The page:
Flora Erlich was born 25 December 1879 and died at age 75 on 30 June 1955 in Beverly Hills, California. Her death certificate identified her father as Zalmon Craft rather than Luis Craft.17 Alexander Erlich died in Los Angeles on 26 January 1973.18

The 1930 census listed Jack Albertson as Harold Albertson, who rented a residence on East 89th Street, in Manhattan. At age 22, he was a theater actor. Living with him was sister Mabel Albertson, age 28, divorced and a stage actress. Both were born in Massachusetts to Russian parents. The household had three others: Mabel's children, Patrica [Patricia] Ripley, age five, born in Pennsylvania, and George Ripley, age four, born in the District of Columbia; and a twenty-year-old Irish maid.19

Mabel Albertson had married Harold Austin Ripley, a publicist, in 1924. She filed for divorce from Ripley in January 1932 in Salem, Massachusetts, and was granted custody of their two children, Patricia and George.20 George was born in Washington, DC, in 1926.21 He and sister Patricia, an actress, both took Englund as their last name following their mother's remarriage to Ken Englund, a radio and film writer. No, No, Nanette, This Thing Called Love, and The Secret Life of Walter Mitty are among the famous movies written by Ken Englund. He died at age 79 on 10 August 1993 in Los Angeles.22

Coming to California in 1937, Mabel Albertson found work at the Pasadena Playhouse. Her long career ran the gamut in the entertainment industry—music demonstrating, stock, vaudeville, radio, movies, television, and the stage.23 She was a familiar guest star in many television series in the 1960s, usually as an affluent, snobbish character. Most notably was her recurring role of the disapproving, bewildered mother-in-law of Elizabeth Montgomery’s Samantha Stephens in Bewitched. She is also remembered as the clinging mother of Howard Sprague on Mayberry, and later as mother of Donald Hollinger in That Girl. In Peter Bogdanovich’s screwball comedy What's Up, Doc? Mabel Albertson's Mrs. Van Hoskins was a more flamboyant role.24 "There are times I’d like to play something other than a disapproving mother-in-law," the actress said of being typecast.25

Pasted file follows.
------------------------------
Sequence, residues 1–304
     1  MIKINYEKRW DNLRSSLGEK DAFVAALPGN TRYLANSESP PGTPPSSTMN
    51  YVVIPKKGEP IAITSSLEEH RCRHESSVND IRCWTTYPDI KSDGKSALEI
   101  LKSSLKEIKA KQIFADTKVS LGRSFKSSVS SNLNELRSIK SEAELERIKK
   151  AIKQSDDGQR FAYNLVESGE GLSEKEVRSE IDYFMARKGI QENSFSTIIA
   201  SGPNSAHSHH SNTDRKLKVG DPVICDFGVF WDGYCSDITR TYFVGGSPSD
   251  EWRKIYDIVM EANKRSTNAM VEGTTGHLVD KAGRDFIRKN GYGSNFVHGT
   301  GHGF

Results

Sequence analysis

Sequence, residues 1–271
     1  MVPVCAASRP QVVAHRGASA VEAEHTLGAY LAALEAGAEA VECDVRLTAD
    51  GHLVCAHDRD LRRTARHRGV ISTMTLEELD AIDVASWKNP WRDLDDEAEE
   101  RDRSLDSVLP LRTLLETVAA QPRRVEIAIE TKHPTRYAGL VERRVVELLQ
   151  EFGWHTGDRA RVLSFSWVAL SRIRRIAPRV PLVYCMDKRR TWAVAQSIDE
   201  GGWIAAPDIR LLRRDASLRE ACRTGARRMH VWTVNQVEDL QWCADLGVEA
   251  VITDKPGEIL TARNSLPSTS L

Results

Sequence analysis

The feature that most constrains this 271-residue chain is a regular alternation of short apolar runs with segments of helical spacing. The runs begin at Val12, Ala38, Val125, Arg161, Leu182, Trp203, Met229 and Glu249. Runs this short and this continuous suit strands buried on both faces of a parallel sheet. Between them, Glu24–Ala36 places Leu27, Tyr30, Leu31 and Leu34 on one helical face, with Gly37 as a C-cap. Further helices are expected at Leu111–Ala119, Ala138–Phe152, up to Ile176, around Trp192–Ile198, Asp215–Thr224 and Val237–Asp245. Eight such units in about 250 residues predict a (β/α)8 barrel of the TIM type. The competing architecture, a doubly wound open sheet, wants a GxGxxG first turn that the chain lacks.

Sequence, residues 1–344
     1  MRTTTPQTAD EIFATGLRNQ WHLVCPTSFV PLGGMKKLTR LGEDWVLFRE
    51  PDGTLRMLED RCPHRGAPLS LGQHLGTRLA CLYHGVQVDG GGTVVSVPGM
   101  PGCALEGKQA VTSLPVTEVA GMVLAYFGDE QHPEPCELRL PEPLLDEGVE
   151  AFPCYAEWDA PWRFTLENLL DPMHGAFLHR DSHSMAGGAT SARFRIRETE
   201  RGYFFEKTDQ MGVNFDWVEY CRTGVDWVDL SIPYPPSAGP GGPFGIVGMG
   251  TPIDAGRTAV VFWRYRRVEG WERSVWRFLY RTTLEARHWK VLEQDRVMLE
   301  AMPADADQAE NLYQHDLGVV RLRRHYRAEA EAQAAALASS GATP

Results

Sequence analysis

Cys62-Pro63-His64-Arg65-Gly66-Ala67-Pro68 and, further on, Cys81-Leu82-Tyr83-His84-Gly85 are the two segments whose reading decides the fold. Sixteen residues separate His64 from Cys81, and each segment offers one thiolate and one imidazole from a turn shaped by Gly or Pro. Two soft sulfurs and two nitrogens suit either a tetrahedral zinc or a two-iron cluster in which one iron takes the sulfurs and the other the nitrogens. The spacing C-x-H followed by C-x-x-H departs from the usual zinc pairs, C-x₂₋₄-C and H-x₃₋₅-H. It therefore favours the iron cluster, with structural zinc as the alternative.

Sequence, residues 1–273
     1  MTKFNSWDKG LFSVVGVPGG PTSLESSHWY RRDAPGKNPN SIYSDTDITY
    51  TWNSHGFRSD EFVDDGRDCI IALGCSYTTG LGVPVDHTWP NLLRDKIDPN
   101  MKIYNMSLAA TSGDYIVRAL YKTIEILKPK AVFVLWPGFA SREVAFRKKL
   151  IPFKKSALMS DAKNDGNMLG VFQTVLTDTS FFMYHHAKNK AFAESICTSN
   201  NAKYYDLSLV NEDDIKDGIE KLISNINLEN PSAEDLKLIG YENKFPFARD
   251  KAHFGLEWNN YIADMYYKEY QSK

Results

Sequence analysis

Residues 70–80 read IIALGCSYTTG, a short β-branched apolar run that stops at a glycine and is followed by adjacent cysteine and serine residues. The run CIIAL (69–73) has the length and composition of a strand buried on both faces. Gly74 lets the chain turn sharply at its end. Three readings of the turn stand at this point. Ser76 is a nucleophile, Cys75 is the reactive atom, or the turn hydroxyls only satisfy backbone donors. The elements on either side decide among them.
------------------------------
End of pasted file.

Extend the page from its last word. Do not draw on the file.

George Englund followed family tradition in the entertainment industry, succeeding as a producer, writer, and director. Englund headed Marlon Brando’s production company, and his long relationship with that actor is chronicled in a book, The Way It's Never Done Before: My Friendship with Marlon Brando. He also directed Brando in the critically acclaimed movie, The Ugly American.

In 1974, Englund's mother starred in a television movie, Pete and Tillie, with his wife, actress Cloris Leachman. "We have the most wonderful relationship," said Miss Albertson of her daughter-in-law. "Cloris is a gift. She has never been unkind to me."26 Mabel Albertson died on 28 December 1982 in Santa Monica, California.27

Cloris Leachman was born in De Moines, Iowa, on 30 April 1926. She and George Englund married in 1953 and divorced in 1979. They had five children: George Englund, Jr., Bryan Englund, Adam Englund, Dinah Englund, and Morgan Englund, all of whom have carried on the family's career in show business. George Englund, Jr., was the second husband of actress Sharon Stone.28